Please note: Courses marked with "[PR]" in the "Cat. No./Title" column have prerequisites or permission requirements that must be met before enrolling; for details, see course description by clicking on the course title.
The fee for on-campus classes is based on a student’s matriculation and residency status. Please select the fee which applies to you when registering. For more information, please see Spring 2014 fees.
Description for AMST206: The course focuses on protest and the role of youth. Who protested and why? Was the phenomenon of the sixties an aberration or part of a larger radical tradition in America? What was the impact on the seventies? Readings are drawn from the works of participants in the student, black, feminist and peace protest movements, from the intellectuals who defended and attacked them, and from the growing body of retrospective, analytic, and historical literature which attempts to explain what really happened in that tumultuous decade.
Prerequisite: ENGL 102.
Academic Information: Credits: 3 Distribution: Humanities Diversity: United States
Description for AMST210: Documents, diaries, letters, essays, fiction, and art, along with secondary historical and anthropological sources, are used to compare the dreams and realities of men’s and women’s lives in America from the first contact between European explorers and Native Americans up through the Age of Reform (1830-60). Topics include visions of landscape and nature; contrasting cultures of Indians and Anglo-Americans; family and "women’s place"; slavery; working class organization; and women’s rights.
Description for AMST215: This course focuses on the flowering of American cinema through decades of social, political, and cultural change. It examines both classic representations of "The American Experience" and films which challenge such classic representations. The relations between film and other arts, and between film, history, and ideology, are an ongoing concern.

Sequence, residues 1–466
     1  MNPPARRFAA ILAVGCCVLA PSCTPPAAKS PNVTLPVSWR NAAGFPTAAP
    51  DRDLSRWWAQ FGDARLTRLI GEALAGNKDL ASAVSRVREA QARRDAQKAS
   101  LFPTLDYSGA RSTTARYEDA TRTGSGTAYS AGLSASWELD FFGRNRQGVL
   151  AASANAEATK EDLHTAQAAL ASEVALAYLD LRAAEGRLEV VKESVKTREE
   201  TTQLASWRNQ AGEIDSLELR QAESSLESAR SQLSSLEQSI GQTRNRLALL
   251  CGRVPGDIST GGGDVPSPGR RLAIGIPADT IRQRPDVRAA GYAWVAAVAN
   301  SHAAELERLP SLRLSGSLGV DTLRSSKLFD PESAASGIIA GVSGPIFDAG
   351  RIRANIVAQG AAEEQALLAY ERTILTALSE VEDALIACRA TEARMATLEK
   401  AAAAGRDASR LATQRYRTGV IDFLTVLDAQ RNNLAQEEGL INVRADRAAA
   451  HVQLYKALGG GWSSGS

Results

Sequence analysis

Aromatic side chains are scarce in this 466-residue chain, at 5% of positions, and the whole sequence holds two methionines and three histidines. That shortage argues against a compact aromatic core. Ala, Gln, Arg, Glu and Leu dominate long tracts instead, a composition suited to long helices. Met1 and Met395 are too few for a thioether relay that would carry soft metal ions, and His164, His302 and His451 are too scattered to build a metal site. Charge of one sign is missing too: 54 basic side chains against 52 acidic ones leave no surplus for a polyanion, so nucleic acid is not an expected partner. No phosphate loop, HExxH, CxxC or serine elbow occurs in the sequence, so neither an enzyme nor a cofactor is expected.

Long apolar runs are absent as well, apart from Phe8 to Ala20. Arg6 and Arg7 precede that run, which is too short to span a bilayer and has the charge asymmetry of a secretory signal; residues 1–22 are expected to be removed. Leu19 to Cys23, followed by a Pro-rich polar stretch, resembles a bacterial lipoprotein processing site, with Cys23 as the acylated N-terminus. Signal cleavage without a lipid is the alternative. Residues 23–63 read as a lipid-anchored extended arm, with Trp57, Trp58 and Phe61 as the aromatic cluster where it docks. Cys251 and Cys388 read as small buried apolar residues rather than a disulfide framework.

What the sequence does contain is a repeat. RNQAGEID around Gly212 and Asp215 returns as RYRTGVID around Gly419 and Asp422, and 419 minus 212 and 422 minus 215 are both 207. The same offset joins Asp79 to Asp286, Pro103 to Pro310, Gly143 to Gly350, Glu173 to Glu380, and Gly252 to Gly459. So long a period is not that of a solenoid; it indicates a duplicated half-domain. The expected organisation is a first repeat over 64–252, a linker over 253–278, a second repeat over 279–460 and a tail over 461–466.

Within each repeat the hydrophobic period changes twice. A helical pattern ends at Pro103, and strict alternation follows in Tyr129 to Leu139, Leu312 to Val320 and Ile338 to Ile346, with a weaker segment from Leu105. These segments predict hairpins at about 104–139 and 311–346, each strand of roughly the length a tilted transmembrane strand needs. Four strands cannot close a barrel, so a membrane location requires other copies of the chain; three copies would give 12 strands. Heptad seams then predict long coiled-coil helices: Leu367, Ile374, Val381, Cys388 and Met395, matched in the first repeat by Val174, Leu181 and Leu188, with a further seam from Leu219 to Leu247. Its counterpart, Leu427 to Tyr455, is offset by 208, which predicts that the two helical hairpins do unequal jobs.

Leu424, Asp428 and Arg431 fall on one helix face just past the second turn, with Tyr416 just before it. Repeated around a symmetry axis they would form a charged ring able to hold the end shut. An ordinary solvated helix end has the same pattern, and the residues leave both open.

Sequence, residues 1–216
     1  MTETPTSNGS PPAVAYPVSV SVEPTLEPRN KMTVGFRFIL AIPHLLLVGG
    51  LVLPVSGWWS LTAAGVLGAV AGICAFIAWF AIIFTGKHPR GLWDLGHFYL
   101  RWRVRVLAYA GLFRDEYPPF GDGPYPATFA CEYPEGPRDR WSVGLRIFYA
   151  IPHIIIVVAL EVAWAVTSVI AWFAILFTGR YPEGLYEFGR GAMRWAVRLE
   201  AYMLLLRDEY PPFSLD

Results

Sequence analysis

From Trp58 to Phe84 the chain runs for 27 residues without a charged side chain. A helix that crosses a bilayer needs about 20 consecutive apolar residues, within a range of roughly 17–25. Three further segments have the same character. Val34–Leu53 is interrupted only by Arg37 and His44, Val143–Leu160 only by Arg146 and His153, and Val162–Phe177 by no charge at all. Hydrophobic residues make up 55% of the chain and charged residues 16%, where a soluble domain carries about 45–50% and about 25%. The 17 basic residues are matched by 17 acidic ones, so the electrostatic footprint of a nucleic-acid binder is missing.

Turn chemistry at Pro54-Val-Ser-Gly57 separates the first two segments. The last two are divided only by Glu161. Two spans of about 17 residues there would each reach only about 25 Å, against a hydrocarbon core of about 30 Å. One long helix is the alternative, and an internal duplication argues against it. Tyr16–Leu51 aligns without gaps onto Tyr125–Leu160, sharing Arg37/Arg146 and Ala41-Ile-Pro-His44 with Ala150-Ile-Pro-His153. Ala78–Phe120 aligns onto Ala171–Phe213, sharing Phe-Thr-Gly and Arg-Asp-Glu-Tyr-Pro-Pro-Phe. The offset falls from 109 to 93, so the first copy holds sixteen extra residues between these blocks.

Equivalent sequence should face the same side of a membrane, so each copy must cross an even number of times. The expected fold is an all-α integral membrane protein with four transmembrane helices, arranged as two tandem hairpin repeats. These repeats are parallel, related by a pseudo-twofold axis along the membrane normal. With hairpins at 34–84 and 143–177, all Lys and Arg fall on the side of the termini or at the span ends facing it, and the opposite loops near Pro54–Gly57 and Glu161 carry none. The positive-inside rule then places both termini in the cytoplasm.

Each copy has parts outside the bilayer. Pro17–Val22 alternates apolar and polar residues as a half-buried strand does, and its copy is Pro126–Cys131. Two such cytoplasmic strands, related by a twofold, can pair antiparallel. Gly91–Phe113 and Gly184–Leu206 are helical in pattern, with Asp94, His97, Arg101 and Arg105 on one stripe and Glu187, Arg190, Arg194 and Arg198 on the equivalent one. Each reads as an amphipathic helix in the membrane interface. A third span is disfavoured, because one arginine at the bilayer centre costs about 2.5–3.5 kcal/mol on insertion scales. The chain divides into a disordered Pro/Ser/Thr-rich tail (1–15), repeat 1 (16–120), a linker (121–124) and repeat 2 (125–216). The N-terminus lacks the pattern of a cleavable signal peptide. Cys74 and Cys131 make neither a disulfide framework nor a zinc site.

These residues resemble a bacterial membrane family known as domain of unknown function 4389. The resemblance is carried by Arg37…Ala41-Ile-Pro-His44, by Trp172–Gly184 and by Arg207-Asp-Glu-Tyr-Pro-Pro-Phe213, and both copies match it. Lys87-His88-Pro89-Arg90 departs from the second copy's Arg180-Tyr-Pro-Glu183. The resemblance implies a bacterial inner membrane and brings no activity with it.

Description for AMST278L: This course examines U.S. documentary photographs as constructions of the past that articulate the social and political assumptions of their times. We will assess the impact of these photographs on their contemporary audiences and how they have shaped Americans’ collective memories of such events as the conquest of the West, mass immigration, the Great Depression, and 9/11.
Description for AMST301L: An interdisciplinary treatment of conceptions and practices of child nature and nurture in the United States, viewed in the context of American culture and history. The course begins with an historical overview of child life in America, with special attention to Puritan New England, nineteenth century industrialization and urbanization, and twentieth century trends. In treating contemporary childhood, the course examines mainstream patterns of the middle and working classes, both rural and urban; African-American child and family life; Hispano-American child and family life; enculturation among selected American Indian groups; the importance of gender as a variable in childhood experience; and the growing importance of formal institutions-such as schools, youth organizations, and medical institutions-as environments for young people. Children’s own cultural constructions, in the form of games and folklore, are also considered. The course concludes with an examination of selected policy issues affecting children, such as child abuse, medical intervention, day care, and the Children’s Rights Movement.
Prerequisite: a minimum of 30 credits or Permission of Instructor.
Academic Information: Credits: 3 Diversity: United States Crosslisted: ANTH 301L.